How Risky Are Stock Exchanges?

According to a Bloomberg article , Nasdaq had to unwind a 3 million share error position in Facebook on Friday that resulted in a gain of more than $10 million for Nasdaq.

“Nasdaq wound up selling 3 million shares of Facebook because of its intervention, according to two people familiar with the events. A broker was used to unwind the position that had been placed in the exchanges so-called error account for $10.7 million, the people said.” 

No doubt that this was a unique position for an exchange to find themselves.  Most investors still view exchanges as quasi-government utilities and not as capital committing brokers.  But is taking a client error really that rare for Nasdaq?

Based on a May 10, 2012 filing with the SEC , errors at Nasdaq may be occurring more frequently that we thought.  Nasdaq filed a proposed rule change “to cancel orders when a technical or system issue occurs and to describe the operation of an error account“.  Ironically, this filing was made eight days before the Facebook IPO.  The filing states:

Nasdaq or Nasdaq Execution Services may cancel orders as either deems to be necessary to maintain fair and orderly markets if a technical or systems issue occurs at Nasdaq, Nasdaq Execution Services, or a routing destination. Nasdaq or Nasdaq Execution Services shall provide notice of the cancellation to affected members as soon as practicable.”

They have also requested the authority to maintain an error account:

Nasdaq Execution Services shall maintain an error account for the purpose of addressing positions that result from a technical or systems issue at Nasdaq Execution Services, Nasdaq, a routing destination, or a non-affiliate third-party Routing Broker that affects one or more orders (“error positions).”

What is going on here?  Why is Nasdaq requesting this cancellation and error account authority?  Is it possible that some of their high volume clients have been getting stuck with some “bad” trades and are demanding that Nasdaq start eating some errors?  Are these high volume clients threatening to shift their “liquidity” to another market center if Nasdaq fails to yield to their demands?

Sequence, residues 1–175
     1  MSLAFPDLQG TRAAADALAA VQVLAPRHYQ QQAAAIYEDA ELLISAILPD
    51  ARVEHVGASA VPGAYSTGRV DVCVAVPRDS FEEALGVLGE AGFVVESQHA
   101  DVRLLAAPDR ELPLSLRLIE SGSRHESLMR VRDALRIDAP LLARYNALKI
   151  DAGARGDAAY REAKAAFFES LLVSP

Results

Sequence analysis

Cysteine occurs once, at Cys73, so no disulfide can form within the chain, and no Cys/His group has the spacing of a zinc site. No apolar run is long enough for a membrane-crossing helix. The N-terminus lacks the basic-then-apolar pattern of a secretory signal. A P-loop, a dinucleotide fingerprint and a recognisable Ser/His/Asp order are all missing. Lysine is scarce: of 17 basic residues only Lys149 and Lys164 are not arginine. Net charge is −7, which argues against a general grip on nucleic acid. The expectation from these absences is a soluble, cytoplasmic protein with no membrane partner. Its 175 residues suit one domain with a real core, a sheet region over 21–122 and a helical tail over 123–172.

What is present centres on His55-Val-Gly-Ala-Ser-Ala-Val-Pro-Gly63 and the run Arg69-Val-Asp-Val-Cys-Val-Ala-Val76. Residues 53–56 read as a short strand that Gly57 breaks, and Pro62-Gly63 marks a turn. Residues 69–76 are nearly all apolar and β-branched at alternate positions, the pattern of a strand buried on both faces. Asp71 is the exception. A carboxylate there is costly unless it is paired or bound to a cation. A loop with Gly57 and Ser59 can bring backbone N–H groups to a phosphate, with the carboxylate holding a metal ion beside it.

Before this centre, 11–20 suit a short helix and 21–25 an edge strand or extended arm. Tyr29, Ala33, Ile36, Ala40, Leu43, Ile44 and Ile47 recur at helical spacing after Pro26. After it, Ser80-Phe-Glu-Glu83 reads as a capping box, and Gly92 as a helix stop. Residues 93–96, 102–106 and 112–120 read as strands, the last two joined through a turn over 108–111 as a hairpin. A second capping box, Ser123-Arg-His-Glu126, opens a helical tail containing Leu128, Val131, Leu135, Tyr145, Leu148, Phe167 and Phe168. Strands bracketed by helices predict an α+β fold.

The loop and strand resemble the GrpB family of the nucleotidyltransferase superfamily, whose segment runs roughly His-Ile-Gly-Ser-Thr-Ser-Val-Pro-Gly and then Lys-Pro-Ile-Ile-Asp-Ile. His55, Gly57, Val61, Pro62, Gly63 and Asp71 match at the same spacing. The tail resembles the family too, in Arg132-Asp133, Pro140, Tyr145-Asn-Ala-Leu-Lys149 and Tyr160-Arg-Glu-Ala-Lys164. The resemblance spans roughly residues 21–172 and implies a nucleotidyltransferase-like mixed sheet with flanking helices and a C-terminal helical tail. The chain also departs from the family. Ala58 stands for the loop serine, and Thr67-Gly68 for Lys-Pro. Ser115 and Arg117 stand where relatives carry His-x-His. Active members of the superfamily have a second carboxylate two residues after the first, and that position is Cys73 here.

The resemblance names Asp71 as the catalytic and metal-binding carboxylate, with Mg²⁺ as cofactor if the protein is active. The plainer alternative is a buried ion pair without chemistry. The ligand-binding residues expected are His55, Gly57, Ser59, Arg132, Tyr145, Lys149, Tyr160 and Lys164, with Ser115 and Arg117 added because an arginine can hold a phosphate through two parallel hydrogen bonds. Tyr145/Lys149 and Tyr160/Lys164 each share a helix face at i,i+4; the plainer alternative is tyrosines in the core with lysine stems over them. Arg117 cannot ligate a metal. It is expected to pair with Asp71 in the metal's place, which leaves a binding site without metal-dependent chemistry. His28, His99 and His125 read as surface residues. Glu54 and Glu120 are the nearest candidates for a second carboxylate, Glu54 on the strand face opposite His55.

Nasdaq has a few examples of possible errors in their SEC filing:

Error positions may result from routed orders that the Exchange or NES attempts to cancel but that are executed before the routing destination receives the cancellation message or that are executed because the routing destination is unable to process the cancellation message.

– Error positions may result from an order processing issue at a routing destination.

– Error positions may result if NES receives an execution report from a routing destination but does not receive clearing instructions for the execution from the routing destination.

Error positions may result from a technical or systems issue at the Exchange that does not involve routing of orders through NES. For example, a situation may arise in which a posted quote/order was validly cancelled but the system erroneously matched that quote/order with an order that was seeking to access it.

The potential for errors continues to increase as the message rate and speed of the equity market continues to increase.  Should a stock exchange really be in the business of taking error positions?  Should a stock exchange be exposed to this kind of risk?